T5W: Book Intimidation

Today for Top 5 Wednesday I’m sharing some of the books that I’m intimidated to start!

The Shtetl edited and translated by Joachim Neugroschel

Short novels by Aleichem, Aksenfeld, and Moykher-Sforim, stories by Peretz, Rabbi Nahkman, and Der Nister, religious writings, and Hassidic yarns depict Jewish life in the shtetl from the Middle Ages to the twentieth century.

Raj by Gita Mehta

Jaya Singh is the intelligent, beautiful, and compassionate daughter of the Maharajah and Maharani of Balmer. Raised in the thousand-year-old tradition of purdah, a strict regime of seclusion, silence, and submission, Jaya is ill-prepared to assume the role of Regent Maharani of Sirpur upon the death of her decadent, Westernized husband. But Jaya bravely fulfills her duty and soon finds herself thrust into the center of a roiling political battle in which the future of the kingdom is at stake… and her own future as well.

Hunter of the Light by Risa Aratyr

When the world was young, this other Ireland was already old.

Every ninth year a great snow elk appears on Eirinn’s mountaintops. Unless it dies by sacred spear before sunrise of Bealtaine Day, when the wheel of the world turns over, the balance between Light and Dark, and thus all hope of magic will be lost.

And once lost, gone forever.

Every ninth year must Eirinn choose a champion. This year it is the bard, Blackthorn, more at ease with a verse than a spear, who will stalk the dream-stag through lough and fen. And a dream love awaits the bard as well: the beautiful and doomed Roisin Dubh, whose touch will sear his heart with a strange new fire.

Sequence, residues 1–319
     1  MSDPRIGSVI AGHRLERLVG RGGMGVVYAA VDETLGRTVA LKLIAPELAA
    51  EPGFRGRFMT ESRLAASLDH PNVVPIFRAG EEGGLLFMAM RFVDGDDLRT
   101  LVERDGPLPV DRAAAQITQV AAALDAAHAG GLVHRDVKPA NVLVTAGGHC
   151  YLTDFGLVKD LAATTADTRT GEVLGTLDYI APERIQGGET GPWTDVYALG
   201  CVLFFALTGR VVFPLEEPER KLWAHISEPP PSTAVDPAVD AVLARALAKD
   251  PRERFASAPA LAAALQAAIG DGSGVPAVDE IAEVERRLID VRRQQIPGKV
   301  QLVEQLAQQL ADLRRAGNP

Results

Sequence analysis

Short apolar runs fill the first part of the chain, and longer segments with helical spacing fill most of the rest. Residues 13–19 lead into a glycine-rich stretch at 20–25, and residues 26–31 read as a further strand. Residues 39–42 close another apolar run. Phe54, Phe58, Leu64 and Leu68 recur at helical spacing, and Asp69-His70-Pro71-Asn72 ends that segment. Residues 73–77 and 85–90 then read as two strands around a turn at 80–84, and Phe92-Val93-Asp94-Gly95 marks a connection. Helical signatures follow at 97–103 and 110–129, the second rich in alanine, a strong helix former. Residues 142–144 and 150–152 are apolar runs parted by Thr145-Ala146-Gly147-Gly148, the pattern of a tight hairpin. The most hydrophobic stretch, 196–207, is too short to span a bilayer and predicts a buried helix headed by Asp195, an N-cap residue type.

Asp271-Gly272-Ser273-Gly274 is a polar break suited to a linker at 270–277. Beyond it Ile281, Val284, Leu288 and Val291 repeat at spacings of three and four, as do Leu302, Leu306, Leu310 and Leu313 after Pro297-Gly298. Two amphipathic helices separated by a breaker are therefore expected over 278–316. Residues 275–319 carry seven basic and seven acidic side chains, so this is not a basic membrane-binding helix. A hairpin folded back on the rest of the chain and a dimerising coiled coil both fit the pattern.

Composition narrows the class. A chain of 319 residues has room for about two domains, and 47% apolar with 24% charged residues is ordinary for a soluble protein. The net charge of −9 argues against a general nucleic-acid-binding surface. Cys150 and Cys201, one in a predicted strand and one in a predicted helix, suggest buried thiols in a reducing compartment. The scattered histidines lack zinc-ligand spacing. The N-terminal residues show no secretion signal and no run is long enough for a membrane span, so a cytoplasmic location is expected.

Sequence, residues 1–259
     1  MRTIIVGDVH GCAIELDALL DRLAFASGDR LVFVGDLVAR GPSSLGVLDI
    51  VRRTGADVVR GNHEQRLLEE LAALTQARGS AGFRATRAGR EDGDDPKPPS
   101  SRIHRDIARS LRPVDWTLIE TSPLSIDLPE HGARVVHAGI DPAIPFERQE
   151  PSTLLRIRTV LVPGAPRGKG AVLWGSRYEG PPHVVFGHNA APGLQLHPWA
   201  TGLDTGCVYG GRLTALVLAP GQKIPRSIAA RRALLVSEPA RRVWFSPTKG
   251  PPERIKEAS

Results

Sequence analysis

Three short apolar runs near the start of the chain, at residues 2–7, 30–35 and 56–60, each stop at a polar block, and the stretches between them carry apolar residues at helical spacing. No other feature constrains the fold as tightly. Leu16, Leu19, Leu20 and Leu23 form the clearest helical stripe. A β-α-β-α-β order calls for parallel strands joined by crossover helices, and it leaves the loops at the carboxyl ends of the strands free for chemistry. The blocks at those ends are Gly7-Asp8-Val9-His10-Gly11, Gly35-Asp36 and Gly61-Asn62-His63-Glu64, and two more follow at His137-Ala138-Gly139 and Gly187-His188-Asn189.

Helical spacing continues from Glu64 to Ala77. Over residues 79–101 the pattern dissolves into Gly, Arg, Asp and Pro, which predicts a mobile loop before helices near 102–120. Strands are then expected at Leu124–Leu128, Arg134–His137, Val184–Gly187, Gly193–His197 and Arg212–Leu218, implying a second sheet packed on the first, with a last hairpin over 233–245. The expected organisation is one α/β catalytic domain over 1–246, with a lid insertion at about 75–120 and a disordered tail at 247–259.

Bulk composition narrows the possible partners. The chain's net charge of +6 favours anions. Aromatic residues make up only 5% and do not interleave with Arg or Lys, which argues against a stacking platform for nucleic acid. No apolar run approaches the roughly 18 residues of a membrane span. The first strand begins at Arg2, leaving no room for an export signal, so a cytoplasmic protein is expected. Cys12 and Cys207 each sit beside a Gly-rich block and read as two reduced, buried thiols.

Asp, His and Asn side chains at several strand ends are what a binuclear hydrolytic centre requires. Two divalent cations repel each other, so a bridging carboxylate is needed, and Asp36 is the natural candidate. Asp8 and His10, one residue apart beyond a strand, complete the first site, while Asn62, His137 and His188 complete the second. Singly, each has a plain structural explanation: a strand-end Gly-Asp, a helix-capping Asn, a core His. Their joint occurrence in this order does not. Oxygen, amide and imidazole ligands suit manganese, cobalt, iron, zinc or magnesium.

The Tale of Genji by Murasaki Shikibu

Written in the eleventh century, this exquisite portrait of courtly life in medieval Japan is widely celebrated as the world’s first novel. Genji, the Shining Prince, is the son of an emperor. He is a passionate character whose tempestuous nature, family circumstances, love affairs, alliances, and shifting political fortunes form the core of this magnificent epic. Royall Tyler’s superior translation is detailed, poetic, and superbly true to the Japanese original while allowing the modern reader to appreciate it as a contemporary treasure. Supplemented with detailed notes, glossaries, character lists, and chronologies to help the reader navigate the multigenerational narrative, this comprehensive edition presents this ancient tale in the grand style that it deserves.

East River by Sholem Asch

The unforgettable saga of two immigrant families and the forbidden love that could not keep them apart. East River is a novel by Sholem Asch, first published in 1946, and a New York Times bestseller of that year. Unlike the denser Jewish pockets of the lower East Side of New York, East 48th Street by the river was, even at the beginning of the twentieth century, an international neighborhood made up of Orthodox Jews, Catholic Irish, nostalgic Poles, chauvinistic Italians, all hungry, all overworked, all insecure. But although these folk were all, so to speak, melting in the same pot, they were kept at a certain distance from one another, by their inherited prejudices, the most pernicious of which were supplied by their religions. To allow them to live together and work together toward a happier life, and to turn them from their European pasts toward a high American future, they needed, in Asch’s view, the religion of love. And the same religion was needed to get the bosses and workers together in the garment industry, so as to end the sweatshops, the subcontracting system, and destructive strikes. Set in the diverse, impoverished neighborhood of 48th Street and the East River in Manhattan, during the years before World War I, Asch’s novel is a captivating tale of the inevitable and wrenching consequences of peaceful coexistence between Jews and Christians.

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